Property Market Predictions
If there is one event that has dominated the political and economic landscape in the UK in past months, it is the ever-present spectre of Brexit. Looming large both behind and before us, it has cast the long shadow of uncertainty across our country – a mood that has spread beyond the politically astute to the ordinary house buyer. It is little wonder that those buying or selling property are concerned. Sure to have far-reaching implications for the country as a whole, our exit from the European Union will inarguably affect housing prices and market growth, leaving many questioning what its exact impact will be.
Although we do not have a crystal ball to help answer that question, we’ve taken a look at the most up-to-date and informed resources around to bring you some of the predictions currently being made by the experts. They undoubtedly make for some very interesting reading…
Prediction 1: House prices to remain flat for the next year
Our first prediction comes from a host of experienced surveyors and was originally reported in The Guardian. It was made on the basis of the property market having almost grounded to a halt, with activity in many areas akin to the levels seen in 2011. The basis of it is that enduring political uncertainty combined with low stock numbers and tax changes is likely to catalyse flat prices and rents for at least the next year, taking us well into 2018. The evidence for this is supported by a large number of surveyors across both London and south-east England, who have noted continually falling prices.
A spokesman for The Royal Institution of Chartered Surveyors (RICS) reported: “Record low stock numbers, political uncertainty, and the aftermath of tax changes are obstacles hindering the UK housing market, with price growth and sales activity subdued.” A poll of valuers completed around this time indicated the softest reading since early 2013, with south-east England in particular showing its weakest regional reading since 2011. According to Your Move spokesman Phillip Hiatt, this is likely to mean that vendors of older stock will be forced to reduce prices if they wish to achieve a successful sale.
Unfortunately, this could well be an enduring trend. Giving their forecast on the future of house prices, RICS stated: “Near-term price expectations continue to signal a flat trend over the coming three months at the headline level. Over the next 23 months, respondents remain more optimistic, with a net balance of 28 percent anticipating an increase in prices, albeit this was the least positive reading since last July, at the time of the EU referendum results.” Rent increases are also expected to remain low, with likely growth of no more than two percent nationally over the course of the year.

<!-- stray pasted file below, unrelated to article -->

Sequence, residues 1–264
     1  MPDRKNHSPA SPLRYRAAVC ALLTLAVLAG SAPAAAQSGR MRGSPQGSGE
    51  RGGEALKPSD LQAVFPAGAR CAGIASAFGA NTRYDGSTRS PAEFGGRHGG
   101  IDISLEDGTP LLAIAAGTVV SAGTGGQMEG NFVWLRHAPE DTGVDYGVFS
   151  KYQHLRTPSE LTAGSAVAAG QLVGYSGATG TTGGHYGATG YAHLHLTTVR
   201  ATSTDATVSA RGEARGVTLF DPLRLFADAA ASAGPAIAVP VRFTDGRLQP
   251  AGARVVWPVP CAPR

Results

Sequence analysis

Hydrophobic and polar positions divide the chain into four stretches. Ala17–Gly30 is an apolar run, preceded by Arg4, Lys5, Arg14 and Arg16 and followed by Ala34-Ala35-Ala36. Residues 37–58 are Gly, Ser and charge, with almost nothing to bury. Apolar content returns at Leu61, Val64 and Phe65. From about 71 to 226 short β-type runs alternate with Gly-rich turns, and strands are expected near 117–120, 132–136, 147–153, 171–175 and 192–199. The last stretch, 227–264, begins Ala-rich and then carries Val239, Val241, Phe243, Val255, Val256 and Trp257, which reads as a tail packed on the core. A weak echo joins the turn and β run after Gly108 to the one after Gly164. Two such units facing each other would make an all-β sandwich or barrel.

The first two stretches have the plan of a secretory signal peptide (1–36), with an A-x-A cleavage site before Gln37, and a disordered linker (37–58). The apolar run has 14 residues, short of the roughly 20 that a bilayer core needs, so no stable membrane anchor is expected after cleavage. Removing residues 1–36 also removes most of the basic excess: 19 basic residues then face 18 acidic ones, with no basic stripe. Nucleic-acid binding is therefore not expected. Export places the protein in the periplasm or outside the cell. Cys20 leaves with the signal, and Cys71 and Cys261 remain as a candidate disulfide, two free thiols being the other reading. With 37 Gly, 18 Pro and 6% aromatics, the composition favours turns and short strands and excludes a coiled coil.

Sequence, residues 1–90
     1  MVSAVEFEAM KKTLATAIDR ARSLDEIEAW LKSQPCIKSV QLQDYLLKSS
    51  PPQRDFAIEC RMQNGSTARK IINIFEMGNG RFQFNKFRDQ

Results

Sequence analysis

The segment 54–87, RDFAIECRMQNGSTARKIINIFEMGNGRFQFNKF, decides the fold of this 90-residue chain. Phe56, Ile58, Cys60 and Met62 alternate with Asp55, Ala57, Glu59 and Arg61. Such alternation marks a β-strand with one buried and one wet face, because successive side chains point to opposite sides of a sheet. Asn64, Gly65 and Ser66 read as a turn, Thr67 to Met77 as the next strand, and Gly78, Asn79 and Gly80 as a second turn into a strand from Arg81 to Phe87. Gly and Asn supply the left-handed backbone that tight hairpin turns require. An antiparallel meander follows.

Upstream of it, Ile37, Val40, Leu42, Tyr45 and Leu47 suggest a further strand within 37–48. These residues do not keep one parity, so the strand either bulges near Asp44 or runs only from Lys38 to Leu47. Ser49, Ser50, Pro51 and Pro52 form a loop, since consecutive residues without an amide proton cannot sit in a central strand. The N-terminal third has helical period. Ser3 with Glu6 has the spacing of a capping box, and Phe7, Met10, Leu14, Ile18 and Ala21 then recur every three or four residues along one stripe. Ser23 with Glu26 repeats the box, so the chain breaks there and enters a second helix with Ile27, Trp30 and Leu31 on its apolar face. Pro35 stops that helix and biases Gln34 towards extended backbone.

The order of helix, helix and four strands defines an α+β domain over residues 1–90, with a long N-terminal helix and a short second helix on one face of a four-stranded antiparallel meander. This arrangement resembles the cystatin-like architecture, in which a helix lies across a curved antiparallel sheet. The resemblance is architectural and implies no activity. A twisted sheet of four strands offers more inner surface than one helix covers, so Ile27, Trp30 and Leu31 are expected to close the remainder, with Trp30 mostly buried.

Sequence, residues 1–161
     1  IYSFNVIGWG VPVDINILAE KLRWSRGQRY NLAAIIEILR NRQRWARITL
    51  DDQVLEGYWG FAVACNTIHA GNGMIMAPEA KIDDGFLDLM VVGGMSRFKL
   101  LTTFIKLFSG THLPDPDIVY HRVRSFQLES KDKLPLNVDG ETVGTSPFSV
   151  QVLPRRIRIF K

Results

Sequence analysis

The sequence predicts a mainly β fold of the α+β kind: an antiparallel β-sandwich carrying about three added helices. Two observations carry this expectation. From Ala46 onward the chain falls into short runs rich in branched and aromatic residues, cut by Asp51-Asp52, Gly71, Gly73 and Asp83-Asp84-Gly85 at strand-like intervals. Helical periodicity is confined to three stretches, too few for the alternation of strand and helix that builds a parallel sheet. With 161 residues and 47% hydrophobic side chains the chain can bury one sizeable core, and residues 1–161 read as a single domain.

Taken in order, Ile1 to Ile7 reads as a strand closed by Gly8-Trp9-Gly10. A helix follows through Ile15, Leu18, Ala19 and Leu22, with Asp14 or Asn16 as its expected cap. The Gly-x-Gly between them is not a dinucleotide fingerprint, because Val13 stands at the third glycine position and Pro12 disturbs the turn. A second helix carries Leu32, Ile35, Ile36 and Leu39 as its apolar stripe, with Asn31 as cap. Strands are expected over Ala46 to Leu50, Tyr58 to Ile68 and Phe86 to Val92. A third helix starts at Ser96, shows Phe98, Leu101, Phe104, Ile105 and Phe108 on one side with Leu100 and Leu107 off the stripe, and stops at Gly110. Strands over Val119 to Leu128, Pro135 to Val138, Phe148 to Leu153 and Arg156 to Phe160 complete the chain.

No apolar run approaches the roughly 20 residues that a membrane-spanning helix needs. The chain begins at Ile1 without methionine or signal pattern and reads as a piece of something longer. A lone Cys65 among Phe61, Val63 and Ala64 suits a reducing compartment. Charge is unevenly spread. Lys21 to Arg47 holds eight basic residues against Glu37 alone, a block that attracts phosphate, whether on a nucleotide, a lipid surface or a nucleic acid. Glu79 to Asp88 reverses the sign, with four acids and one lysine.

Prediction 2: House prices to fall to lows of £70,000
In addition to reports that house prices are likely to remain flat, there have also been more startling warnings: that a full-scale crash may well be imminent, one that could see values plummet to as little as £70,000 in places like Northern Ireland. According to the experts, such an event could shave around £82,592 off property values in London, and would take seven years and seven months for the country to recover from.
Such predictions have been catalysed by the continuing instability of the British market, which has seen the tide begin to turn with regards to growth, with a levelling off now apparent after many years of healthy increases in value. Such an event would be likely to hit London the hardest, as this is where the current price plateau has proven most dramatic. Commenting on this, expert Martin Ellis says: “House prices have flattened [and] the annual rate of growth has fallen [to] the lowest rate since May 2013. Although employment levels continue to rise, household finances face increasing pressure as consumer prices grow faster than wages.”
According to projections, the biggest drop in value would be seen in the South East. Despite the average house price currently standing at £315,807, this would likely drop to around £253,327 in the event of a crash – a devaluation of a phenomenal £62,480.
Prediction 3: House prices forecast to rise by 2019
The current property market projections are not all negative. There is cause for greater optimism when we look further ahead, with house prices forecast to have risen again by 2019. According to the experts, this is due to a lack of supply. Although Brexit will continue to pose a risk, its fallout should eventually be negated by a shortage of stock, with the number of houses available lower than the number of buyers looking to purchase.
The figures are reassuring, with prices expected to increase two percent by the end of 2018, and three percent by the close of 2019. The downside to this is that it means it will take three years for property owners to see the same level of growth experienced in 2016 alone. As economist Fionnuala Earley explains: “Economic conditions for households will remain challenging over the next year as inflation eats into budgets and interest rates begin to rise, but we expect the UK economy to recover and wage growth to pick up in response to global growth.”
The greatest risk to these positive predictions is Brexit, which will continue to impact confidence in the housing market. This means that the outcome of negotiations will remain important in influencing future increases. As it stands, however, the latest house price reports from Rightmove do support these predictions, indicating growth of 1.6% in London when compared to the same period last year, and an average growth in asking prices of 3.1% for England and Wales as a whole.
It is true that hard times undoubtedly lay ahead for the housing market, yet this is nothing that it cannot recover from. Although its future currently teeters on the brink, there is every reason to hope that such a situation will not endure for too much longer.